The 7 Facts That Show Why Oscar Winners Were All About Climate Change

AP

It was a moment Leonardo DiCaprio fans had been clamoring for for years: He finally won an Oscar, taking home the best actor award for The Revenant at the Academy Awards on Sunday night. DiCaprio's long-awaited acceptance could have been about anything, but he chose to focus on one of the most important scientific issues of our time: climate change

Leo did his research. Almost every point he made can be proven by hard science. Here they are:

1. 2015 was the hottest year on record.

"Making The Revenant was about man's relationship to the natural world," DiCaprio said in his speech. "A world that we collectively felt in 2015 as the hottest year in recorded history."

He's right. Last year was the warmest since modern record-keeping began in 1880, according to NASA and the National Oceanic and Atmospheric Administration.   

Source: NASA
Source: NASA

2. Snow in the Arctic has decreased over the past 50 years.

Climate change presented a challenge when filming The Revenant. "Our production needed to move to the southern tip of this planet just to be able to find snow," DiCaprio said in his acceptance speech.

Tom Hardy in 'The Revenant'Source: Giphy
Tom Hardy in 'The Revenant'  Giphy

It's true. Snow in the Arctic has decreased over the past 50 years, and snow is melting earlier than ever, according to NASA

3. September sea ice is shrinking.

In fact, ice and glaciers everywhere have shrunk significantly in the last couple decades. The Arctic is especially at risk. September sea ice there has shrunk by about 12% every decade since the late 1970s, according to Weather Underground

Of course, ice cover is part of a natural cycle. There will be rise and fall from year to year. Antarctica had a year of record sea ice cover in 2014, for example. But increasingly higher temperatures are bad news for ice cover everywhere in the long run. 

"Higher surface temperatures will mean shorter duration of ice growth, thinner ice and therefore less extensive sea ice cover, including in the Antarctic region," said Joey Comiso, senior research scientist at the Cryospheric Sciences Laboratory, in a Q&A with NASA.

4. Sea levels and global temperatures are rising.

Global warming is an urgent threat. "Climate change is real. It is happening right now," DiCaprio said. "It is the most urgent threat facing our entire species, and we need to work collectively together and stop procrastinating."

A photo posted by (@) on

Yes, there's a lot of scientific evidence that climate change is indeed already happening. NASA has a handy statistics guide to support this. 

Sea levels have risen 6.7 inches in the last century, global temperatures have risen since 1880 and the 10 warmest years have all happened in the past 12 years, the oceans have warmed about 0.3 degrees Fahrenheit since 1969, acidity of ocean waters has spiked 30% since the Industrial Revolution, and there have been more temperature extremes and intense rainfall since 1950.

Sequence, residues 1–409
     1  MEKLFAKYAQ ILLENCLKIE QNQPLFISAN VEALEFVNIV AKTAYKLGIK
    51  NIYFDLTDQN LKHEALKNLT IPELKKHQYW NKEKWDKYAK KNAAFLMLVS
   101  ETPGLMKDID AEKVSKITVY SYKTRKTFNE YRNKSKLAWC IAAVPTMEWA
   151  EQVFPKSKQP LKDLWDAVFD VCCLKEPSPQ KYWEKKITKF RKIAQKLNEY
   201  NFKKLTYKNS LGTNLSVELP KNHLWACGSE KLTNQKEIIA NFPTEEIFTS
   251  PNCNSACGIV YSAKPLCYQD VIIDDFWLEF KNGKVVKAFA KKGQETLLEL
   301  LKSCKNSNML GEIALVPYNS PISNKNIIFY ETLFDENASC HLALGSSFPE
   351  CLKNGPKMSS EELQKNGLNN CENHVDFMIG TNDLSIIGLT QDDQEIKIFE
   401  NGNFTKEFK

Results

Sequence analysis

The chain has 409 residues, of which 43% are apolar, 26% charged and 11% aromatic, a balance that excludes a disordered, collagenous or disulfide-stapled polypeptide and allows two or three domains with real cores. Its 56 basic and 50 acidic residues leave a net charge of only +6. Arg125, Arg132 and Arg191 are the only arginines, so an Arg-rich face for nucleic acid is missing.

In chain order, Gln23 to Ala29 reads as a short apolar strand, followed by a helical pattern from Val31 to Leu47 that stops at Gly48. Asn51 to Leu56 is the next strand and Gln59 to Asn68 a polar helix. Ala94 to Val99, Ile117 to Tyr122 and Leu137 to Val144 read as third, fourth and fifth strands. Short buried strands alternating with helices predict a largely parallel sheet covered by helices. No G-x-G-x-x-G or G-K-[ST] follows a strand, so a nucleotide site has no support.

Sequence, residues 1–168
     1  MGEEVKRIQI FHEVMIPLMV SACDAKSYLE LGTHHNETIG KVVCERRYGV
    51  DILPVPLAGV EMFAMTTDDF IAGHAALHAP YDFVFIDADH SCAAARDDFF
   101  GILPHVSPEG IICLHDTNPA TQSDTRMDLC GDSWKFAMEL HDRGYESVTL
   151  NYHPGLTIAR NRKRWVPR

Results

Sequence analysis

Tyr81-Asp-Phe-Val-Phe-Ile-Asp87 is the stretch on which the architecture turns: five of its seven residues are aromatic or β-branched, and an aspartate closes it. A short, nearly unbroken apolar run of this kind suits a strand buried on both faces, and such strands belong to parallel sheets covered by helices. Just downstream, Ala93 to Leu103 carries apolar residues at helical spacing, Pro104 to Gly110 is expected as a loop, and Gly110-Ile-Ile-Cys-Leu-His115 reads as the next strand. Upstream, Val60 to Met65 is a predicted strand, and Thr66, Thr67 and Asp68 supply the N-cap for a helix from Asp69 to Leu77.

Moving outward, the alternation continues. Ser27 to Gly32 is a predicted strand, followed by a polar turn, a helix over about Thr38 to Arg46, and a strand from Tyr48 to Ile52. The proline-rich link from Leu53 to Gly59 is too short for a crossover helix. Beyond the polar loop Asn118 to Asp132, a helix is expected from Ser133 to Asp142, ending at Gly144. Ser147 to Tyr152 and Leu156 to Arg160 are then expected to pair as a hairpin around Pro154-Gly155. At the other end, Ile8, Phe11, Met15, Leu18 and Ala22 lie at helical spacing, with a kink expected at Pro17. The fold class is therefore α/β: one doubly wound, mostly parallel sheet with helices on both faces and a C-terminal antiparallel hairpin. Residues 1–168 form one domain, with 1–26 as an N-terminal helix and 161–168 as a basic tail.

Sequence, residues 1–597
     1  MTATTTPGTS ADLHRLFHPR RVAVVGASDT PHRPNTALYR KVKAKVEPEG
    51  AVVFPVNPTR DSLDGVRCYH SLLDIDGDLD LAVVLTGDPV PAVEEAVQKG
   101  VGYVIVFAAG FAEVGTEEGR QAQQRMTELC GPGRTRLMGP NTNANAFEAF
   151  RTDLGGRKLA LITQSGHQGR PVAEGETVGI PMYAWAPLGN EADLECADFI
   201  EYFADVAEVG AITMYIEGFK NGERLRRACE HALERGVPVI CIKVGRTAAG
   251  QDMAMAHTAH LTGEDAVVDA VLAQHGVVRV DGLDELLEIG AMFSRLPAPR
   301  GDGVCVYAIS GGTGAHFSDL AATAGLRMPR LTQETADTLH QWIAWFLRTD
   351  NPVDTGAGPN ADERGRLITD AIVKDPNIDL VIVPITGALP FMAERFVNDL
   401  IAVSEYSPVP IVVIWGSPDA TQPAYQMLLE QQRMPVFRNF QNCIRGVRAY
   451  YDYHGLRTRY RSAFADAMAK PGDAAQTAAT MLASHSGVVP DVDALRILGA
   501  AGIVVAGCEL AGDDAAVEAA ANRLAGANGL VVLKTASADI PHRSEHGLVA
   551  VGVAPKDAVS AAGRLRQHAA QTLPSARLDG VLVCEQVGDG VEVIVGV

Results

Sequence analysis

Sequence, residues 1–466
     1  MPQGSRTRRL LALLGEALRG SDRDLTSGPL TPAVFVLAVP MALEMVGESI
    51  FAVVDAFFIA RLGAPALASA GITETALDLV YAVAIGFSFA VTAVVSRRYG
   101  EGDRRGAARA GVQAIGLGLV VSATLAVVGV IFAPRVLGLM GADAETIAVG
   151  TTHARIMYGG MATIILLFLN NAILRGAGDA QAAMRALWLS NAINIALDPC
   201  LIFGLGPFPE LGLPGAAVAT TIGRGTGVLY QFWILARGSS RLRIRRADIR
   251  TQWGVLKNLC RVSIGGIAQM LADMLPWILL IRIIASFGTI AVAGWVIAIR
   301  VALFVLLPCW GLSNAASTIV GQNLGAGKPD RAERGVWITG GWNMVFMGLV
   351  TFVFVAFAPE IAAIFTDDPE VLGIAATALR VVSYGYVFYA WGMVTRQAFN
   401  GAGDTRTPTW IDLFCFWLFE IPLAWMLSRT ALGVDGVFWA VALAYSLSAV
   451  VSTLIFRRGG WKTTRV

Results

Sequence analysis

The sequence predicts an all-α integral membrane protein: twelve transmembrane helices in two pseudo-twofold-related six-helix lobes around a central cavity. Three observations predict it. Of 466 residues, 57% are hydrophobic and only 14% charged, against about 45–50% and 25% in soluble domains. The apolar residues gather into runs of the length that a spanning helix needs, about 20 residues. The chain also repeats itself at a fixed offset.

5. Underprivileged nations will suffer first.

"We need to support leaders around the world who do not speak for the big polluters, but who speak for all of humanity, for the indigenous people of the world, for the billions and billions of underprivileged people out there who would be most affected by this," DiCaprio continued.

If we leave climate change unchecked, everyone is going to suffer. But the people who will suffer first are people in underprivileged communities who have done the least to fuel climate change. According to a United Nations report, poor areas in the warmer and drier areas of the world will be the first to see decreases in crop yields

6. Natural disasters are increasing.

Climate change is also causing more extreme weather events like hurricanes, and those kinds of natural disasters hit areas in the tropics far more often than anywhere else.

If you're curious, here are the 32 most vulnerable countries, according to the risk analysis firm Maplecroft.

Here's DiCaprio's full acceptance speech:

Source: YouTube

DiCaprio wasn't the only Oscar winner who drew attention to climate change. When Jenny Beavan won the Oscar for best costume design in Mad Max: Fury Road, she made a startling comparison. 

"I just want to say one quite serious thing, I've been thinking about this a lot, but actually it could be horribly prophetic, Mad Max, if we're not kinder to each other, and if we don't stop polluting our atmosphere," Beavan said. "So you know, it could happen."

Source: Larry Busacca/VF16/Getty Images
Source: Larry Busacca/VF16/Getty Images

If you've seen Mad Max: Fury Road, you know it takes place in a barren desert wasteland with almost no food and water. There's evidence to back up Beavan's warning that we're headed in that direction.

7. We're all at risk.

Source: Giphy
Source: Giphy

As DiCaprio pointed out, poor countries in warm areas are going to see crop yields plummet first. But according to Michael Oppenheimer, professor of geosciences and international affairs at Princeton University, once global temperature rise gets into the three- or four-degree range (we're hovering around a one-degree rise right now), even wealthy countries with advanced agriculture will suffer.

All this scientific evidence of climate change is probably a huge part of why Academy Award winners chose to use their acceptance speeches to pass on warnings and calls to action.